When it comes to the meeting day itself, here are my best pointer.


It sounds obvious but know who you’re pitching to. At the most basic level, make sure it’s a qualified meeting; the chances of convincing a later-stage investor to do a seed investment is zero.

More specifically, you should know your potential firm’s portfolio of current and past companies — successes and failures alike. Have they invested in businesses similar to yours? Are there any deals you know have gone sour that would be good to avoid mentioning?

On a deeper level, try to research the actual partner you will be talking to. The firm may operate as a team, but you have to convince a specific person to bet their career on you and if you can find things in common with them, all the better.


Pretend it’s a seven-minute meeting.Two universal truths of first pitch meetings are 1. You need to deliver a tight, focused presentation, and 2. The goal isn’t to get a term sheet — it’s to get to the second meeting.

The first couple minutes of any meeting involves some light chit-chat. Once you’re at that stage, pretend you only have five minutes to get through your pitch. Technically, you might have as much as an hour in the room, but pretending you only have five minutes will give you focus. Remember that your goal is just to get that second meeting: you don’t need to cover every single detail in minute exactitude.


Bear in mind that most people have egos – many like to think they’re the smartest one in the room – especially investors! During your meeting, someone will likely challenge you on something: even if they’re dead wrong, don’t argue with them. You’re not going to get them to invest by arguing with them. Even if you win, that means they lose, which won’t endear them to you. This doesn’t mean you can’t take questions head-on and discuss them. The difference is in the approach – take it an opportunity to engage and to teach someone something rather than being defensive.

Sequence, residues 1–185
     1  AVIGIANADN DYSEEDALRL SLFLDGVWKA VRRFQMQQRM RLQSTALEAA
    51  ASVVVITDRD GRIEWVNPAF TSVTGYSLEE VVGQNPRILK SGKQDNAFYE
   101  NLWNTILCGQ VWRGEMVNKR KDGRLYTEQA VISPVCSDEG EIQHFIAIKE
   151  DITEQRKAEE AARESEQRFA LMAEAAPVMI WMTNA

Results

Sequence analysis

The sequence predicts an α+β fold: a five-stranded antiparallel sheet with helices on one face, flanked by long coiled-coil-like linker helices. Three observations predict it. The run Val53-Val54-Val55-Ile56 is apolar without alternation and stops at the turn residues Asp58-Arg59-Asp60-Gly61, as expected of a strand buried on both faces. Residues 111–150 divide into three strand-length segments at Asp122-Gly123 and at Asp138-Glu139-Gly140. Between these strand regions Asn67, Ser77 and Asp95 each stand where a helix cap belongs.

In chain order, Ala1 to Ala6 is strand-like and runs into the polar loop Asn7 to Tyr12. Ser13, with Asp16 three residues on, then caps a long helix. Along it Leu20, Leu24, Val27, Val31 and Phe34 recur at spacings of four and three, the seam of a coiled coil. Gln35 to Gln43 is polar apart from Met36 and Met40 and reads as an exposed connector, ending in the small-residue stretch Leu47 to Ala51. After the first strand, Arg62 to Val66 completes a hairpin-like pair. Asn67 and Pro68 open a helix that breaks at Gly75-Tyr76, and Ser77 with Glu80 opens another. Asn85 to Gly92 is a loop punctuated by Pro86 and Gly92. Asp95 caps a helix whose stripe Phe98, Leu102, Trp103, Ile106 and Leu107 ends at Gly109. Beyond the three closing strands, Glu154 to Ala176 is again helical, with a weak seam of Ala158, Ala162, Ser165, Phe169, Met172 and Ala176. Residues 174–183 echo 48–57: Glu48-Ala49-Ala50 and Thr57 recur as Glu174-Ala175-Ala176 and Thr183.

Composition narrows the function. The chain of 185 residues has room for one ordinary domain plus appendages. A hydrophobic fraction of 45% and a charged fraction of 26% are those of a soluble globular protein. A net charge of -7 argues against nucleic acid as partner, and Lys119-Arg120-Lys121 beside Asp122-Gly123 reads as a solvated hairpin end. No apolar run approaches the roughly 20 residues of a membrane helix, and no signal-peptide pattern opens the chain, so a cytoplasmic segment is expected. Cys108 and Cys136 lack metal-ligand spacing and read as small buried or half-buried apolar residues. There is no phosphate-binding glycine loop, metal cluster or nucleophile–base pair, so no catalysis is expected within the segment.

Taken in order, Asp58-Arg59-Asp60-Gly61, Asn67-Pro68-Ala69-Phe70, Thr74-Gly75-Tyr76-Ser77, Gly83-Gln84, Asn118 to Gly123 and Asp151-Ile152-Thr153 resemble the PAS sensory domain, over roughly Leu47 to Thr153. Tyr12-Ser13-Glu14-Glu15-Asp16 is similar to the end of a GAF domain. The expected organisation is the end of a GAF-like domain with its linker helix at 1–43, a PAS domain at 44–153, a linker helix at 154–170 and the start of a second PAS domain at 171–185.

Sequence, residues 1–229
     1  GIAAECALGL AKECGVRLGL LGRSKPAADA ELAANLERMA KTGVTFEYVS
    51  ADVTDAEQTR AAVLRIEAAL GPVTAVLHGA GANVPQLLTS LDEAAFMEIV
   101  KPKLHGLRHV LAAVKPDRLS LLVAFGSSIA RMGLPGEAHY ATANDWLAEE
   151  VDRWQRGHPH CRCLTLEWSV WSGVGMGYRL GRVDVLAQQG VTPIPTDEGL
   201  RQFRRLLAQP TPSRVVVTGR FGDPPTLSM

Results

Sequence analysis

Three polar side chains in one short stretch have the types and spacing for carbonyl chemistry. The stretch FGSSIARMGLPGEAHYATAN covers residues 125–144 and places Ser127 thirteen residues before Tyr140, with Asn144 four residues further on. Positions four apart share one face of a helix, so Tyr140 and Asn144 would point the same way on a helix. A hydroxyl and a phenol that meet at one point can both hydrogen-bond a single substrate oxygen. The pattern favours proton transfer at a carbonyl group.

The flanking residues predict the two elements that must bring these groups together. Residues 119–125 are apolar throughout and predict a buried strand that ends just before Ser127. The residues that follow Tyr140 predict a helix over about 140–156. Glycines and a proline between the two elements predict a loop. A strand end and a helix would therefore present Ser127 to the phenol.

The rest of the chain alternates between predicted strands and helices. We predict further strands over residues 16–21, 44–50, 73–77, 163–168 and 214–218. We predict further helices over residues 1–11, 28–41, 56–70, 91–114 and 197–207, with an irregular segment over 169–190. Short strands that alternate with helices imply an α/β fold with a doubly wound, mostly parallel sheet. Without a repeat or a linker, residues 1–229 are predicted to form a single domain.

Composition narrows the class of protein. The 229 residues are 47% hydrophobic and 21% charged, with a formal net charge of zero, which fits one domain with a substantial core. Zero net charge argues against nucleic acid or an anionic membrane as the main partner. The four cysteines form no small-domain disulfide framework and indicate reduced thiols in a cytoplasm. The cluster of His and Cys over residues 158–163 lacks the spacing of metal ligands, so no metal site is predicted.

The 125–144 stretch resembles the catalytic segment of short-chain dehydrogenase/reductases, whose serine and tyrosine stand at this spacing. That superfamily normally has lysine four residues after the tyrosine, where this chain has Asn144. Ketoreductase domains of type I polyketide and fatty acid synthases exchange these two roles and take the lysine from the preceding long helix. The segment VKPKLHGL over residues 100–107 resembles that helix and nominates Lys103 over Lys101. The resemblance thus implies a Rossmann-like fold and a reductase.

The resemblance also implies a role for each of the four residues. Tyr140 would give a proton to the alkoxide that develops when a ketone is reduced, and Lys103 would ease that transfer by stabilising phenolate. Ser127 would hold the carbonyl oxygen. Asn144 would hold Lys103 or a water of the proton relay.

You might occasionally run into someone who’s just decided to treat you poorly. In those (hopefully rare) cases, move on and don’t think twice. It’s probably their issue and you don’t want their money anyway.


This might be controversial, but I always advise against giving demos at a first meeting. They’re time-consuming, and investors may not understand enough about your product at first brush to justify burning those precious minutes setting up and executing your demo. Also, the demo doesn’t do as good a job of answering “Why you? Why now?” as you should be able to. If your investor asks, be ready to give it, but otherwise keep it in your pocket.


You should never walk into the room alone. Bring a co-founder with you who can take notes, not just on what was said in the meeting but on your own delivery, what questions were asked and was anything brought up that your deck didn’t cover?

You should be able to learn something from every pitch. There’s no rule against practicing your pitch too. Find some smart friends to act as investors who’ll give you honest feedback. Consider asking your pretend investors to bring along friends you don’t know, and practice giving your pitch in front of strangers. Take notes, learn, iterate: it can only help.

Originally published in the Startups Magazine